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Monthly Archives: March 2017

Internship Q&A with Katie May

Katie May is a second-year graduate student from Indiana State University. She’s currently doing an internship in County Kildare related to her study in Student Affairs in Higher Education.

We asked her some questions about her experience and advice for other students.

Katie meets St Patrick

Katie meets St Patrick who is looking well at 1500 years old.

So why did you choose Ireland?

I came to Ireland first for a service learning trip with my university in May 2015. I loved it. Everyone was super friendly and helpful. It seemed like a good place to travel on my own since it is an English speaking country and the gateway to Europe. I wanted to experience life away from everything I had ever known and on my own for a little while.

And I’m now able to mark ‘spending Saint Patrick’s in Ireland’ off of my bucket list!

You’re interning with a small company. How is that going?

I am very glad the internship is in a small company. It has a family feel to it which is nice. Everyone is great!

There are lots of benefits with a small firm. There is more one-on-one time with supervisors. I know both of the owners of the company. I know my co-workers, and we occasionally go out for lunch. They also know me better as a person, so they know my strengths and weaknesses which is helping my development.

I am learning a wider range of skills than I think I would be learning at a large company.

Katie wearing the St Patrick's Day leggings all visitors must wear on 17 March

Katie wearing the St Patrick’s Day leggings all visitors must wear on 17 March

What has the internship taught you so far?

I’ve learnt a different side of advising since I have only ever been involved in the academic side. I have also learned about marketing and time management, and a new application system. I have also learned how to talk to people that I do not know. I have learned that things change and that you have to roll with the changes.

You’re staying a small town. Are you glad you chose a town rather than a city?

I have never been in a big city, so I am not sure what it would be like. I do love where I am now in Naas, County Kildare. Naas is very cute and has a lot of lovely shops. I enjoy walking around before work. There is a lot to do even in small towns in Ireland.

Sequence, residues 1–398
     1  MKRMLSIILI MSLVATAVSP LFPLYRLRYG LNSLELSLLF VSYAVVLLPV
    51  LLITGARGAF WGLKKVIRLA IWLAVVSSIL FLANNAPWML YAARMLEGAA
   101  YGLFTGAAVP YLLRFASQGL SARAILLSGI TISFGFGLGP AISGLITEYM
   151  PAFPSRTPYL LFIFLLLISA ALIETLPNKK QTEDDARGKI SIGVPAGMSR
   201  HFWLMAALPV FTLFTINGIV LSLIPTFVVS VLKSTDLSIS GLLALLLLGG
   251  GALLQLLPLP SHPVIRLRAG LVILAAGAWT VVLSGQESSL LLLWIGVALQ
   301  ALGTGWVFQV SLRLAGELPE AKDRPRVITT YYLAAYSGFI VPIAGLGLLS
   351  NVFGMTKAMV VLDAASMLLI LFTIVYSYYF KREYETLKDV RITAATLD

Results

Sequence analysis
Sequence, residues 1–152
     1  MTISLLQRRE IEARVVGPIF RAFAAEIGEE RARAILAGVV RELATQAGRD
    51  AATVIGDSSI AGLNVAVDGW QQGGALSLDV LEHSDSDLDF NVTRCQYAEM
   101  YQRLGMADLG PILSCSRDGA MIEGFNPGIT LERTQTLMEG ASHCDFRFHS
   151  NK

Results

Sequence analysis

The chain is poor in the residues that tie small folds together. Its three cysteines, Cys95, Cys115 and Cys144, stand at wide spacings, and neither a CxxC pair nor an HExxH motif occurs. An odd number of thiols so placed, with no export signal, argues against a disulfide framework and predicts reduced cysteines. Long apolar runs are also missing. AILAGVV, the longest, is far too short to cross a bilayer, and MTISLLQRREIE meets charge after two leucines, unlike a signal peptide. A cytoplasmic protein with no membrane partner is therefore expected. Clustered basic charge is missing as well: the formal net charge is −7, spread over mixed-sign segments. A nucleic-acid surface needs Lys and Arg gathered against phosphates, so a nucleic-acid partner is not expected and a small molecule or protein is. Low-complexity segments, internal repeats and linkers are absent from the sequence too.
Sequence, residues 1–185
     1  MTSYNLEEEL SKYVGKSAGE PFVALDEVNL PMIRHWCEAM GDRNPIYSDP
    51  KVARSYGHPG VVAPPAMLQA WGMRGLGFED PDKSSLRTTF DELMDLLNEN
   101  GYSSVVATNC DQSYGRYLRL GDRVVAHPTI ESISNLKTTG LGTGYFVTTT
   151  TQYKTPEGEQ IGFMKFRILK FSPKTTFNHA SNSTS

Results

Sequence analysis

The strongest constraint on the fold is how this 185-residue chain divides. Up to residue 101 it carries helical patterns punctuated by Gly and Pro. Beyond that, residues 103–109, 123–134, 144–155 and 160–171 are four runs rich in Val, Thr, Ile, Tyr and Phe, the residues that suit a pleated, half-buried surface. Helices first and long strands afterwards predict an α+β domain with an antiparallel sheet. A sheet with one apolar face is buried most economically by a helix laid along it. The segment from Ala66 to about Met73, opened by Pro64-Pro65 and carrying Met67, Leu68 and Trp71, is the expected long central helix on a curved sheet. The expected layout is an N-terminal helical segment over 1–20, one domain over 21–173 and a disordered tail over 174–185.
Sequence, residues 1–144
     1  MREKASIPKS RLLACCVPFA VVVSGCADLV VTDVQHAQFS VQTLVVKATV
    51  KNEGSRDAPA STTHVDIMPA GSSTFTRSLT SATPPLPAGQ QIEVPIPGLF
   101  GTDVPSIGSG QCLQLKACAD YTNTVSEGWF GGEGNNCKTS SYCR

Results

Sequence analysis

Katie out to dinner with her host family for Mother's Day

Katie out to dinner with her host family for Mother’s Day

How’s living with an Irish family going?

I’ve stayed with three different homestay families, and I have yet to have a bad experience living with any of them. The family that I am with now is fantastic. I am close to them and will miss them when I leave. They always make sure to include me and to encourage me to make sure I make the most of my time here.

Katie in Donegal

Katie posing for a postcard photoshoot in Donegal

What’s been your favourite activity so far?

That’s a tough question! I really enjoyed my time in Donegal with the group, especially at Glenveagh Castle and the Irish dancing.

What advice would you give to someone considering an internship?

This experience is going to change you. I decided to pursue an internship abroad for this very reason. I wanted to learn to live a little and to grow as a person. I left home behind to find me and to figure out exactly what I wanted to do in life. Each and every day I learn something new about myself that I would not have if I had I stayed where I was comfortable.

Do you feel your internship was worth the cost?
 
Cost was a concern for me since I was getting ready to start a job search at home. But the internship has been a huge learning experience, even outside of work, and I’m so glad I did it.  So for me, yes, it was worth the cost.

Learned any good Irish phrases?

I have a couple. I love the word ‘wrecked’ and ‘jumpers’. I also like the phrase “I will yeah”.

So will you come back to Ireland again?

I will yeah!

Some Differences Between Ireland and the United States

A few differences that I have discovered while in Ireland: